Undoubtedly, a large number of inconveniences have been generated, but I also have no doubt that BMW is one of those that has come out of all this the best. There are many factors, but the most complex is logistics. In Uruguay, we do not have a situation drastically different from what we could have had before the pandemic and, given the situation and the investment made by Magna, the stock situation in the country today is better than it was before the pandemic.

The client segment is characterized by being very demanding, what do you look for when deciding?
I have always believed that at BMW we have a responsibility to show everything we have. Seeing two Z4s in a showroom is something that didn’t happen before, they didn’t see each other. What the client wants is to be able to see the palette of options that we offer. Seeing a variety of colors and models was not something for which BMW was characterized in Uruguay. We want to be at the same level as we are in the world, not for things to arrive a year later. Also, try to give them the best service, which is one of the priorities that we all have as individuals within this organization.

What objectives do you have outlined for your management?
There are some objectives that are very clear. First, the market leadership, that BMW is the leader in the premium segment. Then, being pioneers in the transition to electromobility is another of our great goals. To this we add the focus on the client, which is the basis of all management. I think we are on the right track.

How do you see the predisposition of Uruguayans to decide on a premium vehicle?
I think there are some very positive factors if we look at the penetration of the premium segment over all cars. Penetration is good, but I think there are opportunities for more Uruguayans to get into our premium segment vehicles. There is an interesting potential in the issue of financing. From what I have seen in these weeks, financing in Uruguay for vehicles is traditional. There are fairly advanced financing tools on the market in several countries, including in the region, that could allow people who today are buying a car in a lower segment for the same money to get into a premium vehicle. I believe that we must be able to offer customers the tools so that those who want and want to jump into the premium segment. It is something we will work on and hope to have positive results.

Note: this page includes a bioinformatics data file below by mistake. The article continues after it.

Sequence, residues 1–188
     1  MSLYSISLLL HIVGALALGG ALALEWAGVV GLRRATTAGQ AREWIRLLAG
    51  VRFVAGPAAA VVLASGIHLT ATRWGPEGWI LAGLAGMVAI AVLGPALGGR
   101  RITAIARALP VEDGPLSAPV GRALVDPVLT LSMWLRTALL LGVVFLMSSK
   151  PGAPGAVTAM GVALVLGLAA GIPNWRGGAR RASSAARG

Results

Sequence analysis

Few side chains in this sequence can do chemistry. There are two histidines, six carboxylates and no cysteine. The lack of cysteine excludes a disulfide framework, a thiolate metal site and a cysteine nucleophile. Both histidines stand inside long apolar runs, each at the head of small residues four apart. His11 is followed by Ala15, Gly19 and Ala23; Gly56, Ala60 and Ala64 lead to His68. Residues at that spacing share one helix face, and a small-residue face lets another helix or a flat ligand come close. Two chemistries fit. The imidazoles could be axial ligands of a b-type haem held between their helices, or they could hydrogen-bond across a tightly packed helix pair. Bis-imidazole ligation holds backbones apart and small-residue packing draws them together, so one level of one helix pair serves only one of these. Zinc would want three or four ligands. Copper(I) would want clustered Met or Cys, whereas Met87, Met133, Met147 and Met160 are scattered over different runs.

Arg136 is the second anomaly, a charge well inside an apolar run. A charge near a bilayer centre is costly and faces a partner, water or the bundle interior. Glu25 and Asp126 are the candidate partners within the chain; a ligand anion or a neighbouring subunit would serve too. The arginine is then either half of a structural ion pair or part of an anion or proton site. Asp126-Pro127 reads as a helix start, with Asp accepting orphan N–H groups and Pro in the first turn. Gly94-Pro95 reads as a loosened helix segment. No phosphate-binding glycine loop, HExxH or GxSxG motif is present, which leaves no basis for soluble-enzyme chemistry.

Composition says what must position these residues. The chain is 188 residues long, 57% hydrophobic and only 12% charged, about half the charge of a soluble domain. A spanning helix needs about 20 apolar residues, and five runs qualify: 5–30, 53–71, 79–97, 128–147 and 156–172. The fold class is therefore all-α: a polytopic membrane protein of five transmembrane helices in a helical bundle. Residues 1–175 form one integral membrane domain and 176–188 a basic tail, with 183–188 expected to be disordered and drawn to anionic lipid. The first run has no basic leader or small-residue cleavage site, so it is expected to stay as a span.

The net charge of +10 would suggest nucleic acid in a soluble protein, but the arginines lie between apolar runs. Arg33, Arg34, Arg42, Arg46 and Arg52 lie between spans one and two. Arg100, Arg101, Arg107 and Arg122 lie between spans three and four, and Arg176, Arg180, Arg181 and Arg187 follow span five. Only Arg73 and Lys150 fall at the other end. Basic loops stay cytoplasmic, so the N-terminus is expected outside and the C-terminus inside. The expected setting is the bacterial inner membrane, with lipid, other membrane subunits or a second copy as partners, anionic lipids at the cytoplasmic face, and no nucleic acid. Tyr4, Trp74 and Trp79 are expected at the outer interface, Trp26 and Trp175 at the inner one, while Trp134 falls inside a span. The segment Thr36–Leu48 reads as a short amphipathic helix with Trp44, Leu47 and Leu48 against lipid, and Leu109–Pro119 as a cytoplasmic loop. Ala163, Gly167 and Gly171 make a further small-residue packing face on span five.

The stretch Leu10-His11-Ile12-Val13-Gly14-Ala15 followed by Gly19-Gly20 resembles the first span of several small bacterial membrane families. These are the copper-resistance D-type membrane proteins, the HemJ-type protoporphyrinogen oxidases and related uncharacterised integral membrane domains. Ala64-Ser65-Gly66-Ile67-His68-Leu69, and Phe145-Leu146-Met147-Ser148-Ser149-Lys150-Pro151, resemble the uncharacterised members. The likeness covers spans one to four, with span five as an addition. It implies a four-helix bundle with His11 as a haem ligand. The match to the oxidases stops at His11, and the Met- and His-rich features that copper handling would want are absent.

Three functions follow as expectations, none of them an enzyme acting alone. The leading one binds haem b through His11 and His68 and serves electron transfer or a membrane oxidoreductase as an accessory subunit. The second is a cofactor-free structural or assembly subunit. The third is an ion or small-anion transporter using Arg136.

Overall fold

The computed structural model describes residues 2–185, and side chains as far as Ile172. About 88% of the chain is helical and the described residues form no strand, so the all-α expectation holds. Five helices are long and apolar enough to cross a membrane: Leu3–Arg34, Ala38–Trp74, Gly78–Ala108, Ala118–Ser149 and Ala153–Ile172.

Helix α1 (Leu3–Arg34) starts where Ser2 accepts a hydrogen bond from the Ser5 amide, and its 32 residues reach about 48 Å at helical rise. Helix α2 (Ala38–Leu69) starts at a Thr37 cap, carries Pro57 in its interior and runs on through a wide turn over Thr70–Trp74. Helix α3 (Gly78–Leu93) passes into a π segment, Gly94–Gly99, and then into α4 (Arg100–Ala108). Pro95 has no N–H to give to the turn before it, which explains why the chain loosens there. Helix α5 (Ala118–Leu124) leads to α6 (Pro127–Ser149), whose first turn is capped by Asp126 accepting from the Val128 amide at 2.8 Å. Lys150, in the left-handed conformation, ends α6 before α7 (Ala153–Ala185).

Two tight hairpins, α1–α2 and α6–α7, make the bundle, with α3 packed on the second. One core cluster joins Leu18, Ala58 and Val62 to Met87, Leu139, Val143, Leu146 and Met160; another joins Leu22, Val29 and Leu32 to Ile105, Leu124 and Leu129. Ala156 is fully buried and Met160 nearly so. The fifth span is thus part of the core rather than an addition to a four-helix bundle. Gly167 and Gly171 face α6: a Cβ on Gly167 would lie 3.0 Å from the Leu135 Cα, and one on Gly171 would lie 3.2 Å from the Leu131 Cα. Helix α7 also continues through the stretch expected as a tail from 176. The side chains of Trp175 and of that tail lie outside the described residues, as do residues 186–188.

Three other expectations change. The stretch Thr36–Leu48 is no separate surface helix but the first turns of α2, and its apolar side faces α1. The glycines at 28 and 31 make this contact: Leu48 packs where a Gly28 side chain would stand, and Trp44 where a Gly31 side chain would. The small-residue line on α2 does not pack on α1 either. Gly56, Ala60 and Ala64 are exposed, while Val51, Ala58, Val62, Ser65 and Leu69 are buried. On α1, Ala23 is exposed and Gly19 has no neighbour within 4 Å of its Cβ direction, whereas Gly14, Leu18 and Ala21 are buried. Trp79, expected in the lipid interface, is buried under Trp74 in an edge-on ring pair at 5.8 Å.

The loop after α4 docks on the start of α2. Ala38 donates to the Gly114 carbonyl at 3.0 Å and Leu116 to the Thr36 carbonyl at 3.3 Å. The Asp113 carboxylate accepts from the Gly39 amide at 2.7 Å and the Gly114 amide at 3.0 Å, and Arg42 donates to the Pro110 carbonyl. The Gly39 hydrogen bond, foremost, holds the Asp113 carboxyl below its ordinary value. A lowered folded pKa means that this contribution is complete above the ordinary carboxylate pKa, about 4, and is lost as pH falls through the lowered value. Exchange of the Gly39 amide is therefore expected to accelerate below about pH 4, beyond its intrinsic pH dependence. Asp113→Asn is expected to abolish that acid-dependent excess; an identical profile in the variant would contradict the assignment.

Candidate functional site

What are these financing mechanisms like?
There’s a very well-known BMW product called Select, where there’s not only a down payment and installments, but there’s an down payment, installments, and a final payment. This means that, although there is a final balance, there are fewer installments and less is depreciated in the middle. This leads to a cycle of renewal which is what we constantly do. In the south we have the idiosyncrasy of wanting to be owners, but we believe that these models with payments at the end are not the leasing of the United States. where you never get to have absolutely nothing, but it is a tool to be closer. It generates very interesting opportunities. Leasing for individuals is not used here either, there are many things to do. I believe that financing democratizes this type of vehicle and it is an opportunity that we have to explore and execute. The world average for this type of instrument is the change between two and three years, but the tool must be adapted to the idiosyncrasies of the country. It is not about copying a model, but about adapting it.